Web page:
A BOMB scare that closed St Giles in Oxford for more than two hours was last night being linked to Northern Ireland-related terrorism.

A suspicious package was posted to an Army recruitment office along with six others across the UK – from Kent to Sussex. Police forensics officers were last night examining the device after it was taken away from the site, but counter-terrorism police were still trying to establish exactly who was responsible.

Downing Street last night said the packages had the hallmarks of Northern Ireland-related terrorism.

One of the packages was stamped with an Republic of Ireland postmark, but no specific group has so far claimed responsibility for the attacks.

A No.10 spokesman said: “Seven suspect packages have been identified as containing small, crude, but potentially viable devices bearing the hallmarks of Northern Ireland-related terrorism.”

Oxford Mail:

  • A bomb disposal officer using a remote controlled robot at the Army recruitment office in St Giles

The suspicious package arrived at the St Giles careers office yesterday morning – shutting off the street for more than two hours while bomb disposal experts investigated.

Police, firefighters, the military and paramedics swooped on the city centre street and evacuated nearby buildings following the alert shortly after 11am.

Mike Davey, catering manager at Oxford University’s St Benet’s Hall, said everyone was told to get out of the building.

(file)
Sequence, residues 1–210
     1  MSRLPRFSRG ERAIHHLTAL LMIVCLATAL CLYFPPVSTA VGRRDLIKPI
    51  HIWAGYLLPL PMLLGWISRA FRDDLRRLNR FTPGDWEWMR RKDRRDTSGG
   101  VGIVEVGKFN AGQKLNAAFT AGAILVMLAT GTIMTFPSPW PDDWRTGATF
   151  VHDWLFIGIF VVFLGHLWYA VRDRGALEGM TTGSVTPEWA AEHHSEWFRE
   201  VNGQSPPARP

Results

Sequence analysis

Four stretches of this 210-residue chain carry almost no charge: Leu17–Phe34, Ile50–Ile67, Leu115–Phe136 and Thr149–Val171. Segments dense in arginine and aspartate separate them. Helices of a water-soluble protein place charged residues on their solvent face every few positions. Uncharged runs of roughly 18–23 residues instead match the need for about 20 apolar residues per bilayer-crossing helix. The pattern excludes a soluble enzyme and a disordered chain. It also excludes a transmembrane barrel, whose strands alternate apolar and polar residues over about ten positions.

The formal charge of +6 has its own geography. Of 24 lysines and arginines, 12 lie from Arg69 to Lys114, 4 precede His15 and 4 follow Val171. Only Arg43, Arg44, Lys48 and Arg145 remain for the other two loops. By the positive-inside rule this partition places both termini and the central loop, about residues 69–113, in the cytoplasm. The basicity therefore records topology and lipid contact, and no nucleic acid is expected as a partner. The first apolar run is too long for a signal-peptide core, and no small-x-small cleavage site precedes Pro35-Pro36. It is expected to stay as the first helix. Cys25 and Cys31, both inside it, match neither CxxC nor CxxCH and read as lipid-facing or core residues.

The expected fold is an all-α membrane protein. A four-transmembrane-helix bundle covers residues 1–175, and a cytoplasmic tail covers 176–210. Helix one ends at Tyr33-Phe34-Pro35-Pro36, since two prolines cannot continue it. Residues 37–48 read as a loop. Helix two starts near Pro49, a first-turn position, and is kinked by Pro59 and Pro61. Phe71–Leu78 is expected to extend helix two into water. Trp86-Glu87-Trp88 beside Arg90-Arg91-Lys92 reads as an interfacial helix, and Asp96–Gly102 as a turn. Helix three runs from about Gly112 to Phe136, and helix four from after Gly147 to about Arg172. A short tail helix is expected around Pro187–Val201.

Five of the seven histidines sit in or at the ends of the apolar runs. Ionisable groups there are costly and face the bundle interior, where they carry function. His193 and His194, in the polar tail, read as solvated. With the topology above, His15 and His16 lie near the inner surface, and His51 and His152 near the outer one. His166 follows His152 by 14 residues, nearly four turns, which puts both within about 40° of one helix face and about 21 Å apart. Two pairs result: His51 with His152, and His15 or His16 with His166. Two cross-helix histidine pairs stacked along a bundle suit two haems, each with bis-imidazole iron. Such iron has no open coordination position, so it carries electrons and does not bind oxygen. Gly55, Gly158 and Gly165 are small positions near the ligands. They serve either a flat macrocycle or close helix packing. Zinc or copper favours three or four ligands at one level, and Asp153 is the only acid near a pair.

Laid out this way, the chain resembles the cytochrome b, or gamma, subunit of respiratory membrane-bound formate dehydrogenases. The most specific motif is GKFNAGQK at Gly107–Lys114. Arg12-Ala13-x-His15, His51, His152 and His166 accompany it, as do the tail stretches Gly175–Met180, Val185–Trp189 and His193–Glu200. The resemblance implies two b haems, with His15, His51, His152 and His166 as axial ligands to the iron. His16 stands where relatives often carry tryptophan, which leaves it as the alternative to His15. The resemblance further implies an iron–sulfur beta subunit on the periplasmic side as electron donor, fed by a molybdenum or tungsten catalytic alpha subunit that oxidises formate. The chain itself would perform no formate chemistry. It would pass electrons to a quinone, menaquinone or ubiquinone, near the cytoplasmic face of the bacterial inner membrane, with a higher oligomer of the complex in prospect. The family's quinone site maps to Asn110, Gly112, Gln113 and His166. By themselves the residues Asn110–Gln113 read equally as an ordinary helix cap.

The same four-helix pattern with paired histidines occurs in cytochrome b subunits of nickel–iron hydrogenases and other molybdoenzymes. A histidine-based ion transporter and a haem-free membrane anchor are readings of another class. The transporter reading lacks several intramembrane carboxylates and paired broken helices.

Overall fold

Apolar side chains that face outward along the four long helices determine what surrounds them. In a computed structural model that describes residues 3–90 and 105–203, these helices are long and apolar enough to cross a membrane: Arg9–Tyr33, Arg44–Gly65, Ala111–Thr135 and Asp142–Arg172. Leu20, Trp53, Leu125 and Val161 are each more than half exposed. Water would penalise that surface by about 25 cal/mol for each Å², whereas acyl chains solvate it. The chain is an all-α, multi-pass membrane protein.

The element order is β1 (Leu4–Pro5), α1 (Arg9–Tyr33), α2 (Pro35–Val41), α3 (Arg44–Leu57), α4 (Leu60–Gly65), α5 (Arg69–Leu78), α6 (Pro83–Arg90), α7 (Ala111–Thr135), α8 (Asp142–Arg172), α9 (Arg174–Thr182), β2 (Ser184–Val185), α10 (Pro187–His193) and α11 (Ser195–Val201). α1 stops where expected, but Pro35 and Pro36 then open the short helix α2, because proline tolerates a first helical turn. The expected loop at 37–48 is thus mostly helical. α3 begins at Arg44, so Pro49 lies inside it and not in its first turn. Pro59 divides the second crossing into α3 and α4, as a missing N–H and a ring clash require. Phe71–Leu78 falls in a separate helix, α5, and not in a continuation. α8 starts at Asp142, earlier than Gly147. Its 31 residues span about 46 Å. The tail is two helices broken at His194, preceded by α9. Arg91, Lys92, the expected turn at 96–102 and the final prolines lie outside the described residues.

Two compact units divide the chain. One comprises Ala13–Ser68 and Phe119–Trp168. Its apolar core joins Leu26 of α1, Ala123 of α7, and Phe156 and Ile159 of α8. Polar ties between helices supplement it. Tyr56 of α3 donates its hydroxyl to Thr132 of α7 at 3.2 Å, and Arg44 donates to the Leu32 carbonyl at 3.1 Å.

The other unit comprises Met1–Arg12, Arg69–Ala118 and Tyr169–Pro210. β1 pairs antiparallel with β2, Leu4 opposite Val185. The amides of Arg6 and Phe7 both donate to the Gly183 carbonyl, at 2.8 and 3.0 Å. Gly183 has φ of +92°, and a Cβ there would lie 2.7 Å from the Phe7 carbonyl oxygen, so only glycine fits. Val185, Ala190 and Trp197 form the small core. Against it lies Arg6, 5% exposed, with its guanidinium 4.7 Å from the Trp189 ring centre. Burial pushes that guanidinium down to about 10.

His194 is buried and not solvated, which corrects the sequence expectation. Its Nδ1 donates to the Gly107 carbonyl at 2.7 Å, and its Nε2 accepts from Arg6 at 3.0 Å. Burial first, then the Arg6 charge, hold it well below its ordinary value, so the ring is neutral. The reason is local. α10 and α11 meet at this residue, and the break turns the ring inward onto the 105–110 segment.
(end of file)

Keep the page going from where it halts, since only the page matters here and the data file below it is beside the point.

He said: “We just dropped everything and got out.”

Similar alerts were sparked when devices arrived at Army offices in Slough, Brighton and Canterbury.

Oxford Mail:

  • Bomb disposal officers prepare the remote controlled robot

It came after similar packages appeared at military offices in Aldershot on Wednesday and both Reading and Chatham in Kent on Tuesday.

Yesterday Prime Minister David Cameron chaired a meeting of the Government’s Cobra emergencies committee to discuss the parcels.

A bomb disposal robot was sent inside the Oxford Army office as onlookers gathered and waited at the police cordon.

Chris Bridgwood, 20, a student at St Benet’s Hall, was in the library when he noticed the police.

He said: “From then on, it seems to have escalated hugely.”

But police last night said the packages – which are now due to be forensically examined – were unlikely to cause any harm.

Det Supt Stan Gilmour, of the South East Counter Terrorism Unit, said: “Even if the contents are determined to be a viable device, they pose a very low-level threat and are unlikely to cause significant harm or damage.”

He said the wide police cordon and evacuations were a “routine response”, adding: “Whilst this can cause concern and disruption for local communities, it is a necessary precaution until we know what we are dealing with.”

Oxford Mail:

  • Police evacuate nearby buildings

Ministry of Defence, Royal Mail and Post Office staff have now all been warned to stay vigilant and contact the police with concerns.

Supt Christian Bunt, Oxford area commander, said there would be additional police patrols in the area over the next few days to reassure residents.

Oxford City Council leader Bob Price yesterday condemned whoever was behind the scare.

He said: “Whatever their motivations, whatever their targets are, it is going to hit people who are not involved in the activity they are trying to target. It is the hurting of these people that is so unacceptable.”

American tourist Lori Ringhand, 47, said: “If there is a risk of harm to people, that’s a concern.”